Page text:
In the summer of '33

In the summer of '33

Sooke Superior School 1933

Elida Peers writes about the history of the Sooke region

SENIOR CLASS, 1933

This photo takes us back to when Sooke’s population numbered in the hundreds only and Sooke Superior School had three classrooms. Pictured are the senior students of the day, Grades 8 to 10.

Standing, rear:  Alice George, daughter of T’Sou-ke chief Louis and Agnes George; she became Mrs. Len Parkin and lived in Victoria;  Jim Richardson, brother to our local building supply owner Frank Richardson, grew up on Church Road, and went on to run a building supply firm in Duncan; Joe Phillipson. Joe was raised by the Icelandic Johnson family far up Sooke River (the family who built the swinging bridge) and went on to become B.C.’s Deputy Minister of Education. Next is Gladys Brown who grew up on Kaltasin Road and later moved to Campbell River. The teacher/principal is George Turner.

Seated, left, is Elsie Wilham, who may possibly be the only one in the photo who is still with us. Elsie is a daughter of Sooke businessman James Wilham.  Elsie married Jim Arden and the couple, well into their nineties, lives in Port Alberni today. Next is Jim’s sister Winnie Arden, youngest daughter of Eustace and Anne Arden, lightkeepers at Sheringham Point. Winnie married Mandus Michelsen and their family is well known in Sooke and throughout the Island.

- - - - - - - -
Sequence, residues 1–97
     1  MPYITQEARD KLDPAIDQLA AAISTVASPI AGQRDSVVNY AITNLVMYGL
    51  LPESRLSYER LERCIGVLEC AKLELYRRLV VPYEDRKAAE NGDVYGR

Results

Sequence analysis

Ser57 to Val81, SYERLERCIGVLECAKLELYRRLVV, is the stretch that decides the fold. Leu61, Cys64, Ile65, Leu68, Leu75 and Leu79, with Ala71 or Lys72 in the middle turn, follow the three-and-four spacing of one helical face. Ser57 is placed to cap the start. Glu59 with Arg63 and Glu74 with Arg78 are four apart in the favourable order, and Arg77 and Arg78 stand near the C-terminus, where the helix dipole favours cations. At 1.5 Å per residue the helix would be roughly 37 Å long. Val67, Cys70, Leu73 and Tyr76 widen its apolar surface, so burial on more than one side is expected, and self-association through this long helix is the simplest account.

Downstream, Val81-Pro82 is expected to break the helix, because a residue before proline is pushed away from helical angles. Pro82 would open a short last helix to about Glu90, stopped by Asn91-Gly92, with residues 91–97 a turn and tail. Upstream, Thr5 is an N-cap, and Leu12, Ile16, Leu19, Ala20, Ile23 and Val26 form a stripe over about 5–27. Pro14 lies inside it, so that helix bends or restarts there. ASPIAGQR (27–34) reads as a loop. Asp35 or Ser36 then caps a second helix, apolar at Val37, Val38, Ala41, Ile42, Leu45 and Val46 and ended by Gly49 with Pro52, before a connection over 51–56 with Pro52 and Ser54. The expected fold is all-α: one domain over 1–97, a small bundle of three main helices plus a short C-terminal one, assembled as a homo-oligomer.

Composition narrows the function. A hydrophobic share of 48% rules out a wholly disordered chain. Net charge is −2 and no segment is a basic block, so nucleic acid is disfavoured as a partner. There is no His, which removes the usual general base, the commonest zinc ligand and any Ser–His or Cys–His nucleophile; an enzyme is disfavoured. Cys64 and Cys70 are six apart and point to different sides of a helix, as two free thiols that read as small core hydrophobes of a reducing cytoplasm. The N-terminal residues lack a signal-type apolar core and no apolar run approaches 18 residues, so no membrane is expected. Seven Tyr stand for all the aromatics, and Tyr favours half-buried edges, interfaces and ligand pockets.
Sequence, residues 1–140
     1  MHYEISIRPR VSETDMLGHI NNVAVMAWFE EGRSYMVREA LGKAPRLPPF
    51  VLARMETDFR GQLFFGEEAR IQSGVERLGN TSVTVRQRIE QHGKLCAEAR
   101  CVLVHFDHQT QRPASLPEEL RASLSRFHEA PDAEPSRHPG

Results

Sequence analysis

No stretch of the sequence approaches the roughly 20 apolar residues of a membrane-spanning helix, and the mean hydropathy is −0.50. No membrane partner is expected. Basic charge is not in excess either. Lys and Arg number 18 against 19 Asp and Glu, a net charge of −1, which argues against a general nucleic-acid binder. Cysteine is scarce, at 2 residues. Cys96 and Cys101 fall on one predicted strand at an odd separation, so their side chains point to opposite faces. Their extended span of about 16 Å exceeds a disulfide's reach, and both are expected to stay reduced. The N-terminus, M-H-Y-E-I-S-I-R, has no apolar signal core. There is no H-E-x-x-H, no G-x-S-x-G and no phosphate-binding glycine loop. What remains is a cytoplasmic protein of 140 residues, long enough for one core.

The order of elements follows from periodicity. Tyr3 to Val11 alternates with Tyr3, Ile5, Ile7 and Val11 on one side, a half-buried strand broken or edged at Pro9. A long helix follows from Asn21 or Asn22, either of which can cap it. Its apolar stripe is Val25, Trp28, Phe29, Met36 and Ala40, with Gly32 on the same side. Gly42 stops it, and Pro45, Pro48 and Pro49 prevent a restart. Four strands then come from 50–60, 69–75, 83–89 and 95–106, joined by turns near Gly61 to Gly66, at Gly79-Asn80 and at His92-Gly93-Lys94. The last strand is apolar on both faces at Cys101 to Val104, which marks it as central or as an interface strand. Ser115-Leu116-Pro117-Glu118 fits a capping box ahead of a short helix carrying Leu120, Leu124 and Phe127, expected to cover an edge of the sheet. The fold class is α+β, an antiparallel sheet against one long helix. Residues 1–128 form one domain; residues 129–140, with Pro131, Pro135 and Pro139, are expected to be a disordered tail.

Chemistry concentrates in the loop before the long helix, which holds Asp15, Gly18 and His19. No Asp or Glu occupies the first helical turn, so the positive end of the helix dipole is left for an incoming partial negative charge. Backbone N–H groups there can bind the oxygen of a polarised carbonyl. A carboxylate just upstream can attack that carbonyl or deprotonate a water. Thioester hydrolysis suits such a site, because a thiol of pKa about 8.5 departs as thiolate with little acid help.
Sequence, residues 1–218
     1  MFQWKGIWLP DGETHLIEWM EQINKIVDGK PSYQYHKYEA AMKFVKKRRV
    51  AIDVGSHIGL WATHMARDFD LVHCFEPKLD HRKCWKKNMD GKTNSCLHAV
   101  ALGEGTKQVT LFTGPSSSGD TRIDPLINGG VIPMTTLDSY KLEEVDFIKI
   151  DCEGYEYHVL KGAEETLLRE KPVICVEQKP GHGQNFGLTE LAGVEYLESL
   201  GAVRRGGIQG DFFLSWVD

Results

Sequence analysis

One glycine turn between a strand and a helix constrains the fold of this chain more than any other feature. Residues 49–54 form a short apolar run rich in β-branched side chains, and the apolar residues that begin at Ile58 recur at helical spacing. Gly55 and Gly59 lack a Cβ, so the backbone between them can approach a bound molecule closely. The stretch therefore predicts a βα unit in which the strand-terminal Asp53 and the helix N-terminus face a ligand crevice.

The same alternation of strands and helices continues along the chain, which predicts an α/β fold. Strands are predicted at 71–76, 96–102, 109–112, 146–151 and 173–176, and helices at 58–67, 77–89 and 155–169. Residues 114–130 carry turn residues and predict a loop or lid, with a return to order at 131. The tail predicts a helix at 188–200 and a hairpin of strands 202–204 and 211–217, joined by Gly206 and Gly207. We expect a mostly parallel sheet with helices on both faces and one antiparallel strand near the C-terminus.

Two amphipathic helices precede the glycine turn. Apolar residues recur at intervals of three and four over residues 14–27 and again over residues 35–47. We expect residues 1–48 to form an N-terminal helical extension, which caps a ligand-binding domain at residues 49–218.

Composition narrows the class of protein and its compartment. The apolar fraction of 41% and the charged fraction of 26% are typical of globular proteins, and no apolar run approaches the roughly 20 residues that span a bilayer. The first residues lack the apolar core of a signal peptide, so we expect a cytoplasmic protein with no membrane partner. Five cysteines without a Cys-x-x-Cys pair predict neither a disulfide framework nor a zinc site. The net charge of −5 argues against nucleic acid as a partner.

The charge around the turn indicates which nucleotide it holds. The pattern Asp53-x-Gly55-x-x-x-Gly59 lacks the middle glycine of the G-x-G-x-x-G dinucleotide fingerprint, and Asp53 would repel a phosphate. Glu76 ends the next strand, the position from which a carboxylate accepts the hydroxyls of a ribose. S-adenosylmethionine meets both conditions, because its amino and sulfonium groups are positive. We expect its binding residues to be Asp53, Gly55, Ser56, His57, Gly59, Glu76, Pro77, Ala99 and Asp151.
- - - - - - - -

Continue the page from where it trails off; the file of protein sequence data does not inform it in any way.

Gladys Clark, one of the daughters of pioneers Percy and Margaret Clark of Shirley hill is next, followed by Doree Francis and Hazel Clark, another of the daughters of the Percy Clarks of Shirley. Wearing glasses is Helen Welsh, only daughter of William and Emma Welsh, a very well known pioneer family. They ran a dairy farm on Maple Avenue; Helen married electrician Joe Yost. Next is Jeanne Thornber, daughter of Fred and Elsie Thornber, a Sooke business couple; Jeanne married Jack Myers. Last in the row is Vera Dow.

Perched in front is Gerry Greenwood whose family lived on the sunny Saseenos waterfront. While there were elementary schools teaching Grades 1 to 8 at Otter Point and Shirley in this period, Grades 9 and 10 came in to Sooke. The term “Superior” means that the school extended past grade eight, but was not a high school that could graduate students.

Beyond Grade 10, students boarded in Victoria to attend Vic High, or took correspondence. Milne’s Landing High School first graduated students in 1947, the first school west of Victoria to do so.

Elida Peers,

Historian

Sooke Region Museum

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